Atlanta has been on the map for some years now, from being an epicenter for hip-hop (and the music industry at large), to being the new Hollywood. Atlanta has also attracted large corporations like Mercedes Benz, Porsche, State Farm, and potentially Amazon to the area. With this type of economic growth comes real estate development, and Atlanta is seeing a boom in that department. There have been several Black-owned architecture firms that have played important roles in the design of of Atlanta’s new built image.
So we’re going to highlight a few, (Thanks for Atlanta Curbed) presented below in no particular order.
Center for Civil and Human Rights
Design Lead: Phil Freelon (Freelon and Associates; now with Perkins+Will)
Project Lead Architect: Marc Johnson (HOK; now with Fitzgerald Collaborative Group)
Rich with symbolism, this 42,000-square-foot facility erected on land donated by the Coca-Cola Company (which operates the World of Coca-Cola next door) is among the more impressive architectural works completed anywhere in Atlanta in recent memory.
Working in close collaboration with Atlanta’s Marc Johnson, internationally recognized architect Phil Freelon, then of Durham, North Carolina-based Freelon and Associates, led design of the Center for Civil and Human Rights at downtown’s Pemberton Place.
The center’s angled walls represent protective hands, and the facade—clad with Trespa Meteon Metallics—creates “the illusion of many tones, akin to skin and representing different nationalities,” per the CCHR.
The $69 million facility opened at the cusp of Centennial Olympic Park in 2014, and it’s since become a major draw for Atlanta’s burgeoning tourism district.
Ray Charles Performing Arts Center and Music Academic Building
Founded by Robert L. Brown in 1984, the R.L. Brown & Associates firm designed this 76,000-square-foot performing arts center at Morehouse College to meet the academic mission of the department of music.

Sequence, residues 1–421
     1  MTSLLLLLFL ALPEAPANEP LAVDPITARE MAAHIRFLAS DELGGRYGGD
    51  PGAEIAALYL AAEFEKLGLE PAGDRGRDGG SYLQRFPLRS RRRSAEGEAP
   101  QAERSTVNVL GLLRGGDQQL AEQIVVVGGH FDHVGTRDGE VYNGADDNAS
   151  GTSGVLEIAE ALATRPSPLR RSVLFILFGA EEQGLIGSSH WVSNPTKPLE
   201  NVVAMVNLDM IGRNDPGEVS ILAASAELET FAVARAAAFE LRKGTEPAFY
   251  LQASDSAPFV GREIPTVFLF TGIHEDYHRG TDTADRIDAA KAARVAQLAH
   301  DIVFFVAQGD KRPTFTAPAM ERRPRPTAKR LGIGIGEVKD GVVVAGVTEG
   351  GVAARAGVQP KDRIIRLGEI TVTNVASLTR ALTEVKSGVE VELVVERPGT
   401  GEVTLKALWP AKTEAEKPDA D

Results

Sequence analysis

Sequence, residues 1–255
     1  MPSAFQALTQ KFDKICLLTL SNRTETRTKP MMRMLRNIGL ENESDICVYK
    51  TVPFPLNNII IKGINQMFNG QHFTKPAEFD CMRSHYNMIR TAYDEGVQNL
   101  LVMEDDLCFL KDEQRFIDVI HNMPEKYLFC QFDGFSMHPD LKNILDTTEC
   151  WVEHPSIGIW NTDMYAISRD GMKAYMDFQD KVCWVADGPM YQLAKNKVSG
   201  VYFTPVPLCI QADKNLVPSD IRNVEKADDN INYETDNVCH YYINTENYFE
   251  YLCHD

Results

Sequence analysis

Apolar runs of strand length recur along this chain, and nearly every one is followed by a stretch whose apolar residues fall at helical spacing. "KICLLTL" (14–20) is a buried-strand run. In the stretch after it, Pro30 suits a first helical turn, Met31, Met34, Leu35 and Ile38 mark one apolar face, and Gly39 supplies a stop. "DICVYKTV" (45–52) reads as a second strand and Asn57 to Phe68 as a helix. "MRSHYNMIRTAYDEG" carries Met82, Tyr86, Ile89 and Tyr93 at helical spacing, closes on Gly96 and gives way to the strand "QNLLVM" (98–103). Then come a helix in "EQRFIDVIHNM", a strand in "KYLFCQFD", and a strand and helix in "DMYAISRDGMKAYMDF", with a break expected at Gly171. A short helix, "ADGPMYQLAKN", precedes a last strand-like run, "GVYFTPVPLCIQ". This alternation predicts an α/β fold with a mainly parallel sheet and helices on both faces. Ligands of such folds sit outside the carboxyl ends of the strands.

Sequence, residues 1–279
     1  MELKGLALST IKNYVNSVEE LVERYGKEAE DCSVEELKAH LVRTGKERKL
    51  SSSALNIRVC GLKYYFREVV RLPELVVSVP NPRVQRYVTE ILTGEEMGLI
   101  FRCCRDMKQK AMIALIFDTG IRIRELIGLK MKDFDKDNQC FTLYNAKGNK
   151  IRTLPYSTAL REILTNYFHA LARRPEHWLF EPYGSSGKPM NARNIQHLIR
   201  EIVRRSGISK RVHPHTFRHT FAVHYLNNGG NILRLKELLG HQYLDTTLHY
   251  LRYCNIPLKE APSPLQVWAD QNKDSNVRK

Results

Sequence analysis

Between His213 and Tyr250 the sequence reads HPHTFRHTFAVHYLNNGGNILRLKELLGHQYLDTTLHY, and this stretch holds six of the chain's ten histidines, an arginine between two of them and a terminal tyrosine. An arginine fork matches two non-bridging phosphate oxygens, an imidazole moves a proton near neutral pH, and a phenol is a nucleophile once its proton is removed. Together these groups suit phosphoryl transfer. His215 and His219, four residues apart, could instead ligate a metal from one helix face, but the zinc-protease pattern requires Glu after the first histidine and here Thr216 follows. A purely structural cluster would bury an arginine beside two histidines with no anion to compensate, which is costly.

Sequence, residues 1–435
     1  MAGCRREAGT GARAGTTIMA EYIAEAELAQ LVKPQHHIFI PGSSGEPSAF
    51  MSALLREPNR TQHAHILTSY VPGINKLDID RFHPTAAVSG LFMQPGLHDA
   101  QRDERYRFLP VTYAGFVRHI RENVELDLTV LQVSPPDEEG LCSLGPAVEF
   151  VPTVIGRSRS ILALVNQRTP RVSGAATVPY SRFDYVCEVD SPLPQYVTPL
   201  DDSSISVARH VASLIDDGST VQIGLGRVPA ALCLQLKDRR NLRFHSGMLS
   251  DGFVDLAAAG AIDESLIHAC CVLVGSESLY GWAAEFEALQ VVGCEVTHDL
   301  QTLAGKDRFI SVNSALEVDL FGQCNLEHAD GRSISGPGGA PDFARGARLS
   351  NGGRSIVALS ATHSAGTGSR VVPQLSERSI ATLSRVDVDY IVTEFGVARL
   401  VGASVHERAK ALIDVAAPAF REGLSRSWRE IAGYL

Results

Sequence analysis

The same firm served as associate architects on downtown’s World of Coca-Cola (below), a four-story, LEED Gold certified museum with adjacent pavilion and parking deck.
Atlanta Botanical Garden parking
JW Robinson & Associates (with Jova Daniels Busby)
Atlantans in recent years have developed a hate-hate relationship with the city’s many vibrancy-killing parking decks, and for good reason. But this is no ordinary garage.
Designed by JW Robinson, a multigenerational firm now led by Jeffrey Robinson, this seven-story structure with green flourishes helped solve parking issues at Atlanta’s premier green space, Piedmont Park, from which it’s practically invisible.
The $14 million project fits nearly 800 vehicles and won the 2011 American Institute of Architects Citation Design Award.
The same firm designed Sweet Auburn’s $48 million Renaissance Walk project (a joint venture with Praxis 3, pictured below).
The six-story residential structure incorporated three historically significant buildings and took home the 2009 Honor Award from the South Atlantic Region of the American Institute of Architects for Design Excellence.
New Horizon Sanctuary, Ebenezer Baptist Church
Ebenezer Baptist Church in Sweet Auburn was the home church of Martin Luther King, Jr. When the church elected to build a large new facility across the street from the historic sanctuary, they looked no further than local firm Stanley Love-Stanley.
One of the foremost African-American-led architecture firms in Atlanta, the husband-and-wife duo created a soaring sanctuary to seat 1,600 worshipers. The building and its bell tower fuse modern form, African symbolism, and classic church design.
Stanley Love-Stanley has designed numerous religious spaces across the city. Another one of note is the Lyke House Catholic Student Center at Atlanta University Center. The boxy structure references the Church of St. George in Ethiopia.
Hartsfield-Jackson Atlanta International Airport Landside Modernization
Chasm Architecture (with HOK and SLS)
As part of a joint venture, Chasm Architecture is working on the under-construction modernization of arrivals and departures at Hartsfield-Jackson. New sweeping glass canopies will mark the entrance to the north and south terminals, providing protection to passengers from the elements.
The project isn’t the first the firm has undertaken at the airport over the years.
Goode van Slyke Architecture (with HOK, tvsdesign, and Stanley Beaman & Sears)
A design task of gargantuan proportions, Mercedes-Benz Stadium required the talents of many top designers locally and nationally. Goode van Slyke Architecture, a longtime fixture in Atlanta, was part of the multi-year project.
Headquartered less than two miles from the stadium, the firm has worked on many projects throughout the city.
via Curbed Atlanta